Many criminal cases are resolved through a plea bargain in North Carolina. However, it is not uncommon for a defendant to enter into a plea agreement and plead guilty but then change their mind about their plea.
If you are in this situation, you may be able to withdraw your guilty plea. You will need the help of an experienced criminal defense attorney to advise you on whether this is a good option in your criminal case and whether it is possible to withdraw your plea.
What Are the Steps in a Plea Agreement?
It is important to understand the steps in entering a plea bargain because the step you are on can affect your ability to withdraw your plea. Under North Carolina law, the prosecutor and defendant are allowed to enter into a plea agreement. In most cases, the accused is given a benefit, such as a reduced charge or a less severe sentence, in exchange for their plea.
Deciding whether to enter a guilty plea is one of the most important decisions you will make in your criminal case. There are many factors you need to weigh before you make this decision. It is best to have a lawyer discuss all your options with you and negotiate your agreement with the prosecutor to achieve the best outcome in your case. The steps involved in entering into a plea bargain include:
- Negotiating the plea agreement with the prosecutor
- Preparing a written statement of what you are pleading guilty to
- Reading your plea in court
- Accepting your plea agreement in your criminal case
- Sentencing by the judge
Can You Withdraw Your Guilty Plea Before the Judge Approves it?
Yes, you have the right to withdraw your guilty plea for any reason before the judge accepts it. This means that you can change your mind while a plea agreement is being negotiated for you, the written statement is being prepared, and when your plea is being read.
Your Right to Withdraw Your Guilty Plea After the Court Accepts it
It can be harder to take back a guilty plea after the judge accepts it. Here is what you need to show if you change your mind before or after sentencing.
In many cases, there will be another hearing to sentence you after you plead guilty. You may be able to withdraw your plea before you are sentenced if you can show a fair and just reason for your decision. The judge would consider many factors in deciding whether to grant your request, such as your reasons, the length of time between your plea and your request to withdraw it, and whether you had an attorney at the time of your guilty plea.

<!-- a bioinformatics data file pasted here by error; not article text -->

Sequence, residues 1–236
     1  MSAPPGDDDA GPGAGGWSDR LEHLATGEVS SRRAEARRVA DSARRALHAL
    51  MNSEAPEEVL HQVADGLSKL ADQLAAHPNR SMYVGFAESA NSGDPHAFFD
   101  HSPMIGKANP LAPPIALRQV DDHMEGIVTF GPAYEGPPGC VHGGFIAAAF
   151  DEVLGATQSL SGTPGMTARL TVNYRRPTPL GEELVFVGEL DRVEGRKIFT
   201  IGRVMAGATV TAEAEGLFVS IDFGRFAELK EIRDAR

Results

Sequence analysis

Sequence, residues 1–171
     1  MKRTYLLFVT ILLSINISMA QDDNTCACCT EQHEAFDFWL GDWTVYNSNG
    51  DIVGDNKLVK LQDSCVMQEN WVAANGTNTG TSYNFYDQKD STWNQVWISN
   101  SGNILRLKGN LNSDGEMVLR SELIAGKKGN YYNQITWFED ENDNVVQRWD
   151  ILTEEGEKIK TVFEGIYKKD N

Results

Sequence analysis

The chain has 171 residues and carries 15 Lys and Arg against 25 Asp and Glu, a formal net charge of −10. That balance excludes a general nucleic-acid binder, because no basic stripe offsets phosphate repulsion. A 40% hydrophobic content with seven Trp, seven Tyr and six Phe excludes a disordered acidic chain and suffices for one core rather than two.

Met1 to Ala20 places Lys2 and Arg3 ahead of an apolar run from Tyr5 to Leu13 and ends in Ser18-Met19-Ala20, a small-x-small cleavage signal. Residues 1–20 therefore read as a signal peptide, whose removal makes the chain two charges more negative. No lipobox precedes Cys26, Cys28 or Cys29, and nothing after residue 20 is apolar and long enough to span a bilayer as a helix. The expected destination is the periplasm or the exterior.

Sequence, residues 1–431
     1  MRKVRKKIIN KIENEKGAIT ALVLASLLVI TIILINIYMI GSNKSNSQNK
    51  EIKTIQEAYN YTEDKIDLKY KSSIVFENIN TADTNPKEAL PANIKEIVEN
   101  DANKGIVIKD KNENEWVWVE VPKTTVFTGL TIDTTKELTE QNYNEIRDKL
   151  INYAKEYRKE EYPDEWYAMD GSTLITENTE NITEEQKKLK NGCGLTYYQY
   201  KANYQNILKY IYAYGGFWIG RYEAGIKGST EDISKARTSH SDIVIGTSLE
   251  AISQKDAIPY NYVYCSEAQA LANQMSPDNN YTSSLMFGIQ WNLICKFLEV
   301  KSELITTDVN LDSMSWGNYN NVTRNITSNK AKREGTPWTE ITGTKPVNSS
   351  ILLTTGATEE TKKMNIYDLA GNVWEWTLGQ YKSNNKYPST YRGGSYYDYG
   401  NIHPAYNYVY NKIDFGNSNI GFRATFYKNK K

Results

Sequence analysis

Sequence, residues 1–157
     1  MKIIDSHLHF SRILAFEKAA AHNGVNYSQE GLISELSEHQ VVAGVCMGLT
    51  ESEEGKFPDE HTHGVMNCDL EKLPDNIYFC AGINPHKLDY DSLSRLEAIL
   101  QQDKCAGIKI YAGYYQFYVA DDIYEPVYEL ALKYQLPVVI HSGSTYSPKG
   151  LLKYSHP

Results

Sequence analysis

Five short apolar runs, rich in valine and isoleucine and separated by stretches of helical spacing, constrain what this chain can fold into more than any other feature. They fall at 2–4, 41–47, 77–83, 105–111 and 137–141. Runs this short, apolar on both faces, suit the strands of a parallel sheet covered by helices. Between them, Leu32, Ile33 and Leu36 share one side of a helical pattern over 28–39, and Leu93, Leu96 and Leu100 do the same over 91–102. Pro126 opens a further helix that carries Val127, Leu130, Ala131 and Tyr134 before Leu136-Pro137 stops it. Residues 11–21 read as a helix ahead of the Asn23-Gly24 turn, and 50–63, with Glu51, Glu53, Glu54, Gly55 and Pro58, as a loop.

It is much harder to withdraw a guilty plea after sentencing. You would need to show that it would be manifestly unjust to enter a guilty plea given the circumstances of your case. This is a much harder standard of proof than showing a fair and just reason to withdraw your plea.
Common Reasons the Judge Could Agree to Withdraw Your Plea
There are many reasons why a judge may agree to allow you to withdraw your guilty plea. Some of the most common reasons are:
- You had the ineffective assistance of a lawyer. This is probably the most common reason a judge would grant your request to withdraw your plea.
- You were not represented by an attorney when you pled guilty.
- You were not mentally competent to enter your plea.
- Your plea was entered without your consent.
- The strength of your defenses to the charges you face has risen.
- You were manipulated or threatened in order to get you to plead guilty.
- Your constitutional rights were violated, such as the police continued to question you after you exercised your right to remain silent or you were deprived of your right to an attorney.
Are You Looking for a Criminal Defense Lawyer in Charlotte, NC?
If you are facing criminal charges, you need to speak with an experienced criminal defense attorney as soon as possible. Please contact us online or call our Charlotte office directly at 980.207.3355 to schedule your free consultation.